K. Austin Collins writing for Vanity Fair stated, "Atlantics stuns and surprises because it tries to pull off something slippery and hard to define, a ghost story (or is it a zombie story?) that’s rooted in the material reality of Dakar and its lower classes, that’s openly political, accordingly, but which also seems flickering and unreal, alive to whatever these mysteries have in store... Atlantics should have us scrambling to see whatever [Diop] makes next." Hannah Giorgis of The Atlantic commented, "In Atlantics, the Cannes Grand Prix–winning film by the French-Senegalese director Mati Diop, the water is both a threat and a source of comfort. With soft camerawork and pointed dialogue, Diop casts a shadow over the sea and all its possibilities... The result is a transportive love story with an undercurrent of social critique that manages to be at once haunting and hopeful." The Guardian's Peter Bradshaw gave the film four stars out of five and wrote, "Atlantique is about the return of the repressed, or the suppressed: the men who were denied their rightful pay on the building site then faced the real possibility of a watery grave. Their spirit rises up, and this becomes a ghost story or a revenge story. Atlantique may not be perfect, but I admired the way that Diop did not simply submit to the realist mode expected from this kind of material, and yet neither did she go into a clichéd magic-realist mode, nor make the romantic story the film’s obvious centre. Her film has a seductive mystery." Justin Chang in his review for the Los Angeles Times noted, " Drawing on a potent vein of local mythology, Diop weaves these paranormal elements into her canvas with thrift, ingenuity and bracing matter-of-factness. In her hands, a vengeful ghost seems no more absurd or irrational than, say, the futuristic high-rise tower that’s being erected on the coast." Bilal Qureshi of NPR said, "It's the story of the women...left behind. And it's a ghost story. Atlantics is a ghost story about migration. It dramatizes the stories of the young men who leave countries like Senegal in hopes of reaching Europe, and how their absence — and their loss — haunts the women they leave behind."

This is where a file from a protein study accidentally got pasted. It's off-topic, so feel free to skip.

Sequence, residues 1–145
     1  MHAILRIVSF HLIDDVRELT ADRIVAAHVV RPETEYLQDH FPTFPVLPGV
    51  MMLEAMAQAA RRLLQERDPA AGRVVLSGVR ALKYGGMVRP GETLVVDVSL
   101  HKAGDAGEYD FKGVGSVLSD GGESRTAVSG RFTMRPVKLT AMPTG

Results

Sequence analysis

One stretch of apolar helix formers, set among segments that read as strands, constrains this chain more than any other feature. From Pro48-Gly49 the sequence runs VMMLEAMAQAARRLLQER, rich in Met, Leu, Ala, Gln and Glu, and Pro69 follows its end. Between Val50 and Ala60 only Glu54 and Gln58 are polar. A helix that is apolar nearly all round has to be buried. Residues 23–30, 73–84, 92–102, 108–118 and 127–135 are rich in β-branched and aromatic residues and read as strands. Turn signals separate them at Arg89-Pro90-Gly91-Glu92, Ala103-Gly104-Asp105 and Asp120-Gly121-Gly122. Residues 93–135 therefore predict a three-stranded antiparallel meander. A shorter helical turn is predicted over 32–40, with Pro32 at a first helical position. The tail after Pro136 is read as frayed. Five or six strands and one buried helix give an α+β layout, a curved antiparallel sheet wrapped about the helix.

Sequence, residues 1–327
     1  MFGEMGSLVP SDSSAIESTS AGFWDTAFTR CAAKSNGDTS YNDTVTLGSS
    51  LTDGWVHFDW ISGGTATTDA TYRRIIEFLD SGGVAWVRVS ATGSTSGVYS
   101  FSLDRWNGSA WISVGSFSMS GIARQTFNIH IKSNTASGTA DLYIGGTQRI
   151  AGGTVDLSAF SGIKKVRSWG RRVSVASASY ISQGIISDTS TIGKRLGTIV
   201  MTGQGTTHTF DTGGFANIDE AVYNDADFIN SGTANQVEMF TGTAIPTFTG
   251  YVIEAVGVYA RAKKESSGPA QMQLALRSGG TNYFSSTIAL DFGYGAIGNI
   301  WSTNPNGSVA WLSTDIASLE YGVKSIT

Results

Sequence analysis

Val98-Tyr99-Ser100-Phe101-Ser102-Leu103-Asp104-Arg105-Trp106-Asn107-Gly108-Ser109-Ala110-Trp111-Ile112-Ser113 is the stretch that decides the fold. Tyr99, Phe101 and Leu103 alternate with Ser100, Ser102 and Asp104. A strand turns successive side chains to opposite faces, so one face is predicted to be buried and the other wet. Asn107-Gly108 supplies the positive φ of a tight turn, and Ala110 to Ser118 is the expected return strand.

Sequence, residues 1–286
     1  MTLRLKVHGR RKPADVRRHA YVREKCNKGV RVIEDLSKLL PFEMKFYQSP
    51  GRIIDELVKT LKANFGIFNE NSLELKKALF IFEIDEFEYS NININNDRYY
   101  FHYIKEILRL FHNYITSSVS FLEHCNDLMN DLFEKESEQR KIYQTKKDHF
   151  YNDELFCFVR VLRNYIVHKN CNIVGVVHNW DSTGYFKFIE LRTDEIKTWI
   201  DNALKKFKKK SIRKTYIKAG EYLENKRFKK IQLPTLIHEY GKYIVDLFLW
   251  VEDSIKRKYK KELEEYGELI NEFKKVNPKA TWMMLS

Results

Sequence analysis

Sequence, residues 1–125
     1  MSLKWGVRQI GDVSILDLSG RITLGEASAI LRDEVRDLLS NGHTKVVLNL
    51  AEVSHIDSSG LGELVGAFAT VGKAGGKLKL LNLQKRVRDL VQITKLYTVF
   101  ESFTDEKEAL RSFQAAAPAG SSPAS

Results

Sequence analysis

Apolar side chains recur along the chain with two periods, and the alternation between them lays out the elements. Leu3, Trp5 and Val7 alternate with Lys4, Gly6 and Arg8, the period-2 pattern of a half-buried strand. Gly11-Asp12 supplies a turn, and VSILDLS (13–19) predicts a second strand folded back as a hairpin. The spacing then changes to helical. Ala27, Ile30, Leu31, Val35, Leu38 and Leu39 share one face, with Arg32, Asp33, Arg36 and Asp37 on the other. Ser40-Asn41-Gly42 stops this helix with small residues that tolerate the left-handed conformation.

Monica Castillo of RogerEbert.com gave the film four stars out of four, commenting, "On the surface, this is a familiar story of lovers kept apart by circumstances beyond their control, but “Atlantics” quickly reveals itself to be so much deeper that. Diop, who co-wrote the screenplay with Olivier Demangel, blends the story with the desperation that forces them to leave home and loved ones, echoes of the refugee crisis, a look at the exploitation of the poor by the wealthy and the fetishization of virginity, purity, and marriage. The mystery of “Atlantics” unravels slowly, its gentle twists keep surprises hidden in plain sight." Jay Weissberg writing for Variety stated, "The capricious ocean is a recurrent, mesmerizing image in Mati Diop’s feature debut “Atlantics,” but given its perfidious connotations for the people of Senegal, who’ve lost so many souls to its depths, the director ensures the rolling waves remain hypnotic rather than beautiful. It’s the right decision for this romantic and melancholy film, more apt than some of the flawed narrative choices that frustrate though don’t compromise the atmosphere of loss and female solidarity in the story of a young woman whose love has died at sea. Part social commentary, part ghost tale, “Atlantics” will get a major boost from its Cannes competition slot and could see strong international sales." IndieWire's Eric Kohn gave the movie B+ grade and noted, "As it ventures further along its spellbinding path, “Atlantics” remains a deeply romantic work that magnetized the fears of people trapped by their surroundings and striving for the companionship that can rescue them from despair. It doesn’t quite let them get there, but Diop doesn’t strike a hopeless tone the whole way through. Ultimately, “Atlantics” shows how that even these bleak circumstances can have empowering ramifications for the women trapped by the shore, and why it’s a portal to a better life even if they stay put." Leslie Felperin in her review for The Hollywood Reporter noted, "...the film pulls together some exceedingly strong components. It has buckets of atmosphere to spare, enough to build a biome or two on Mars. Nevertheless, the script sometimes feels like a concept for a short attenuated to make a feature running time, and in-the-rough performances from some of the supporting, non-professional players — although discovery teenage Mama Sane in the lead role is a delight — somewhat dilute its strong brew. On the other hand, some viewers may actively savor the rawer, ragged edges."